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Are You Ready for iEconomy?

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The Mophie Credit Card Reader

Jack Dorsey’s Square, Incase, Verifone and now Mophie — these companies’ credit card readers are turning the iPhone/iPod touch platform into an e-commerce engine.

Mophie, a Los Angeles-based company that makes accessories for the iPod/iPhone devices will release a credit card reader at CES in January 2010. The device is going to have a reader and a software that would allow small businesses to take credit cards. No more details are available just yet.

I, for one, would like to see Mophie or one of these other startups come up with a way for me to scan my own credit card to enter it into an app or web site. Even better, I’d love it if they married their hardware with the functionality of something like 1Password. In doing so, they could enable e-commerce via the iPhone apps. Think of it as iEconomy.

I know, I know — it’s easier said than done, considering it would need some deep, system-level mucking around, and Apple isn’t going to let that happen. But it should! By opening up, it would make the iPhone into an even more useful platform.  While I can understand Apple’s hesitation at opening up the iPhone, it can start with iPod touch, which is not tethered to a wireless phone company’s network.

By focusing on the consumers, these companies can also overcome two things: somewhat finite number of likely small business customers and get scale, which would allow them to get cheaper. And this would also help them overcome the slower adoption rates normally encountered when chasing the small business market. In fact, companies such as Visa, MasterCard and large banks should be trying hard to figure out how they can put these kind of readers in the hands of both merchants and consumers, thus shifting even more transactions into the electronic realm.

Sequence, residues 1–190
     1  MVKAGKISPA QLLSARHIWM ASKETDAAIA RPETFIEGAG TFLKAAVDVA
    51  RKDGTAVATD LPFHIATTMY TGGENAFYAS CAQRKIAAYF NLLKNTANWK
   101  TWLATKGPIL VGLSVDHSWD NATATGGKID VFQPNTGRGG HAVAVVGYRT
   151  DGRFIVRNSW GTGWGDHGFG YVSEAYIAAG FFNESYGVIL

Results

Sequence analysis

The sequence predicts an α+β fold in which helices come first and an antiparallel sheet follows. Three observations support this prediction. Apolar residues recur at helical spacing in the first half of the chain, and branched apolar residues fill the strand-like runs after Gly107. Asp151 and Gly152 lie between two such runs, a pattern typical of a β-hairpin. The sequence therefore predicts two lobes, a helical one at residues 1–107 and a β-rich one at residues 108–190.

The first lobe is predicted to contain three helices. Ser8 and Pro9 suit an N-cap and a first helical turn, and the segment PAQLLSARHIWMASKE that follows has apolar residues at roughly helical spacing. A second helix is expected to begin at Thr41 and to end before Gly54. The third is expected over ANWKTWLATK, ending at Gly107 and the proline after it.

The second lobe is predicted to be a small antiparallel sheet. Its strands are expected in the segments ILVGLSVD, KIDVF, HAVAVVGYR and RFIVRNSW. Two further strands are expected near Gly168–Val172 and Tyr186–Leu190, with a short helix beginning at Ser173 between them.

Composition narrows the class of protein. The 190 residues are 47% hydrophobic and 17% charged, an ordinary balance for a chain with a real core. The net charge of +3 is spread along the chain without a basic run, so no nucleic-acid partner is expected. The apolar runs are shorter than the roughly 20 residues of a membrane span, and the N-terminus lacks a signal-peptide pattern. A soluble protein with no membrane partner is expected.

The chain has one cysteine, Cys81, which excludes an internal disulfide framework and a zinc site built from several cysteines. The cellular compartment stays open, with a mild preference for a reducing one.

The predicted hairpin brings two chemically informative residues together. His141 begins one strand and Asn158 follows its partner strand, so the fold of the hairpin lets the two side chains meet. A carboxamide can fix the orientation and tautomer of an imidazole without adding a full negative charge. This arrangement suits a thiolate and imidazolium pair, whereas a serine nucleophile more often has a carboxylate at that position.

The Verifone Card Reader

OK, you can see I am just way too excited about this stuff. Why not? I am encouraged to see such experimentation. It ties in with my big belief: the marriage of computing and connectivity without the shackles of being tethered to a location is the the biggest disruptive force of our times, and it will redefine business models for decades.

For a long time, companies like Symbol Technologies (s MOT), a division of Motorola, have been making point-of-sale and handheld computing devices for non-office environments such as retail locations and warehouses. It is becoming obvious by the day — they are amongst those being disrupted.

I am looking forward to more Mophies and Squares!

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13 Responses to “Are You Ready for iEconomy?”

  1. Hadn’t realized Symbol was purchased by Motorola. Almost $4B. Wow. They are an amazing, quality-driven outfit.

    One of the very 1st to realize the potential for something as simple as bar-coding.

    I worked with a firm that an early test of bar-coding for the Pentagon – back in the day. We ran 10K parcels through a sort using bar-codes. 99.97% accuracy. The .03% was 3 parcels they lost in the warehouse. :)

  2. Isn’t this for commerce – brick and mortar commerce – small business services commerce – physical presence commerce? Why do you label this as e-commerce? E-commerce is something I typically associate with non-physical presence on the web. Typed in credit card numbers and CVV2 strings. That sort of thing.